Warning: possible spoilers ahead for Thor: Ragnarok! Read ahead at your own risk! Or, you know, take a look at one of our other excellent articles.
Making a superhero blockbuster is a collaborative process. It takes an army of people, and sometimes decisions are made that result in hilarious moments ending up on the cutting room floor. In that regard, Thor: Ragnarok was no different. In fact, I recently sat down with Ragnarok editor Zene Baker to talk about scenes that he fought to keep in the film, and he explained that one of his favorite cut scenes was a brief moment of pettiness from Thor when Valkyrie denies his request for help in the gladiator pits. Baker said:
There was one thing that [Joel Negron] and I really loved, and it worked its way out and we tried to get it back in and it just never happened. Can I spoil it? So there’s that scene where he sees Valkyrie in the gladiator pits and she’s having the drink and he confronts her and says ‘Odin! You’re nothing but a traitor!’ and he’s like ‘please help me.’ So they’re dragging him away, and there was a take where as they’re dragging him away Thor’s like ‘I hate you! I hate you so much!’ and we thought it was hilarious! And it somehow ended up out, and we tried to put it back in. We were like, ‘Oh man I miss that so much.’ It was a good little moment.
Personally, I have to say that I think that would’ve been a fantastic moment for Chris Hemsworth to play because it’s so unexpected for Thor. That said, it’s not necessarily hard to understand why some people behind the film wouldn’t want it in the final cut. As Zene Baker pointed out in our conversation: that moment could’ve potentially pushed Thor over the edge in terms of likeability. He has always been petulant and childish, but as funny as that moment was, it might’ve gone too far.
This was just one of many moments that had to end up on the cutting room floor. As for why the moment didn’t make, Zene Baker has his own theory, although he doesn’t necessarily agree it should have been left out.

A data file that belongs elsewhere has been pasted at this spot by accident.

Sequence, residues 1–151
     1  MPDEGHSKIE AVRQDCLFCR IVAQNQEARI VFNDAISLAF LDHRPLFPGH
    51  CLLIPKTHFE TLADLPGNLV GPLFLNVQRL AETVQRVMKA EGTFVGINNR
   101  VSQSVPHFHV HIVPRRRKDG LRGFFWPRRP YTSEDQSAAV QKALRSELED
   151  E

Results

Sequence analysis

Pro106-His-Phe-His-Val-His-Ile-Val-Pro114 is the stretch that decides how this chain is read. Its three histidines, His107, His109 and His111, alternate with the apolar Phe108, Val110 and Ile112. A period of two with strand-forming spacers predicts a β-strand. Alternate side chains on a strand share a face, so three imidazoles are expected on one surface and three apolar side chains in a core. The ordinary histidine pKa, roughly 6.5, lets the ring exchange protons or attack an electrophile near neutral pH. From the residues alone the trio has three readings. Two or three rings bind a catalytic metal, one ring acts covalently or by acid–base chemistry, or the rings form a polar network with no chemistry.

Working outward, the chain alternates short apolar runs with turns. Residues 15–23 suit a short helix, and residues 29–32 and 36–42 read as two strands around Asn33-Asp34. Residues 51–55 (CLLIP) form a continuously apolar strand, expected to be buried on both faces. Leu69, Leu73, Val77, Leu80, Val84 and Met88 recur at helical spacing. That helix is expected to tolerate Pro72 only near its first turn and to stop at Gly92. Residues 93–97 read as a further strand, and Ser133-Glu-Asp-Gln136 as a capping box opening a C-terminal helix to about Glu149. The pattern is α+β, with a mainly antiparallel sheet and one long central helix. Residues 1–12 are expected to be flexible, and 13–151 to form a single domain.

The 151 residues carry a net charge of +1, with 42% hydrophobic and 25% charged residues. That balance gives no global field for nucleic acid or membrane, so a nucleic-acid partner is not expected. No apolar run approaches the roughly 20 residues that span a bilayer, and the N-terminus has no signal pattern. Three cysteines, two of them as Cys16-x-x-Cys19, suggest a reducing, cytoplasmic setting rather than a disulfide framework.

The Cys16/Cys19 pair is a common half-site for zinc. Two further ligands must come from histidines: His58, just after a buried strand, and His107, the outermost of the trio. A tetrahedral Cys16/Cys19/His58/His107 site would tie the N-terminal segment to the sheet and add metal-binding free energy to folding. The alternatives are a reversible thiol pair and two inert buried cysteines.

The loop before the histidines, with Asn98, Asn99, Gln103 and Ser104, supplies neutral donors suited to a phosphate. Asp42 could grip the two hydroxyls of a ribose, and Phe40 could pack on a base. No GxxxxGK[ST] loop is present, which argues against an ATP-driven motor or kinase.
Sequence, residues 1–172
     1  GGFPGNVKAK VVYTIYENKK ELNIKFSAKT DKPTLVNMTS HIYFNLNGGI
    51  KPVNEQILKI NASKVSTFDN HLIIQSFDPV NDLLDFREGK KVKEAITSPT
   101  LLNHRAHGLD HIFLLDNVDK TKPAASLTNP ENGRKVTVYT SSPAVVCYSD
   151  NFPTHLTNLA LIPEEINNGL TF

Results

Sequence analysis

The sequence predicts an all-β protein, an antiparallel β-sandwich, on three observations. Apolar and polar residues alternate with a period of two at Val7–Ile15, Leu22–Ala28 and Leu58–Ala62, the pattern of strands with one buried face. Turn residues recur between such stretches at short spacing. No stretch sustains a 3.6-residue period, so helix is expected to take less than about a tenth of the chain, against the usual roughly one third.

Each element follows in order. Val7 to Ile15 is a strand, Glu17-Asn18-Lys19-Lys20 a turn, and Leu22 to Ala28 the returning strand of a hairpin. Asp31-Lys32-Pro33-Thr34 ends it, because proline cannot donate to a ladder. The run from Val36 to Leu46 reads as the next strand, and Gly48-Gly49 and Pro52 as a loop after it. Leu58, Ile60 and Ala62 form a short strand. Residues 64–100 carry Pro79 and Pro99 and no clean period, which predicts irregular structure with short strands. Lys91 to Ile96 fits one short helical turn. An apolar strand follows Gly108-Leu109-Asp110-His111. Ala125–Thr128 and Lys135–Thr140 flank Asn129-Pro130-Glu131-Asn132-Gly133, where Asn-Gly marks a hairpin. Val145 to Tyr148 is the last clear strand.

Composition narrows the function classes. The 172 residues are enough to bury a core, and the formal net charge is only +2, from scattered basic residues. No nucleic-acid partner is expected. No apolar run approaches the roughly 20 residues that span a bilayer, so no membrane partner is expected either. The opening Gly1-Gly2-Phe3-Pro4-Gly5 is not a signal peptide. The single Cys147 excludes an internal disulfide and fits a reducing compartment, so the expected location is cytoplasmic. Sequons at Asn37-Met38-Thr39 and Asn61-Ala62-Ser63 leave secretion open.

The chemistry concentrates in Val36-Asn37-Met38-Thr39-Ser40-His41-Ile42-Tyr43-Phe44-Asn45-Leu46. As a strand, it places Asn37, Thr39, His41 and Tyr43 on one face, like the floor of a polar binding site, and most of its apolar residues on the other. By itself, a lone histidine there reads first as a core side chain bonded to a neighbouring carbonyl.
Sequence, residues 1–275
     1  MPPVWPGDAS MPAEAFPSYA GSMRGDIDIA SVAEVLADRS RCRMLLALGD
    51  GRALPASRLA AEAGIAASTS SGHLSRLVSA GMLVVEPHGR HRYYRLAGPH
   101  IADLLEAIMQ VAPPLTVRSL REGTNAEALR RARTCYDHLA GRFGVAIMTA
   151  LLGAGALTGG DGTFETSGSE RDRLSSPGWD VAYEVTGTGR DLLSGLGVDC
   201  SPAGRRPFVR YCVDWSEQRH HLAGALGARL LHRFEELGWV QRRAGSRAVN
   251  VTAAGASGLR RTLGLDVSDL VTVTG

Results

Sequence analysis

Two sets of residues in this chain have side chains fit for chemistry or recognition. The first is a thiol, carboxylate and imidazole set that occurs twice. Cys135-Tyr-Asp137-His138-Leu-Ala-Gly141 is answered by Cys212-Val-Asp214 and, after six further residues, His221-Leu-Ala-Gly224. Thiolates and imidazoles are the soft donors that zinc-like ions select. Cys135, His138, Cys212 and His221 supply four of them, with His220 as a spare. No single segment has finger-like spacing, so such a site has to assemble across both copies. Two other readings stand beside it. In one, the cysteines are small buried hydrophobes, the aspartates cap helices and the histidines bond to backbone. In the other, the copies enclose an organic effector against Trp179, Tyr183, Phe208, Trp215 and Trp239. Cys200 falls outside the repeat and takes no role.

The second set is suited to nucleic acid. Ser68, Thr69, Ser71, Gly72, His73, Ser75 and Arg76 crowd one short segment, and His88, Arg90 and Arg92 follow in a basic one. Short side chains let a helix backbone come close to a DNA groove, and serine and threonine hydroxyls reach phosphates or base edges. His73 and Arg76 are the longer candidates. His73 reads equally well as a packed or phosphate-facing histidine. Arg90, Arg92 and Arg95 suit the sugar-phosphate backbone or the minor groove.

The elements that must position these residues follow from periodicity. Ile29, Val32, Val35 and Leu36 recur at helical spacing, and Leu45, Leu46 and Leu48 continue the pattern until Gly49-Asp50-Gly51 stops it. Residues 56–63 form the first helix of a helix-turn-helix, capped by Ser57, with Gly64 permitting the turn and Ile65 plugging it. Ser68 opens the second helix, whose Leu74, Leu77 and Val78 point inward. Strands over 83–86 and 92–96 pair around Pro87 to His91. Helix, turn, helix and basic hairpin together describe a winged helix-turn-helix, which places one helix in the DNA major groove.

I don’t know if some people were worried that it might make Thor seem a little too unlikeable but I think it was the opposite. I think it made him charming because he’s like, ‘Oh I hate you. I hate you so much.’ It was a good moment. Just a moment. It wasn’t necessarily a joke, but a good little character moment.
Elsewhere in our conversation, Zene Baker (an editor with a well-established history working in the comedies like The Interview and Neighbors) talked about the importance of picking the right moments from a mountain of raw footage to keep the flow of a scene going. We have known for quite some time that Taika Waititi pushed for an insane amount of improv in the film (to the point that it even shocked Mark Ruffalo), but it turns out that these little comedic moments actually resulted in hours of raw footage for every couple of minutes that made it to the big screen. With so much content to work with, plenty of stuff had to get cut along the way.
Would you have wanted to see Thor pout after Valkyrie refuses to help him?
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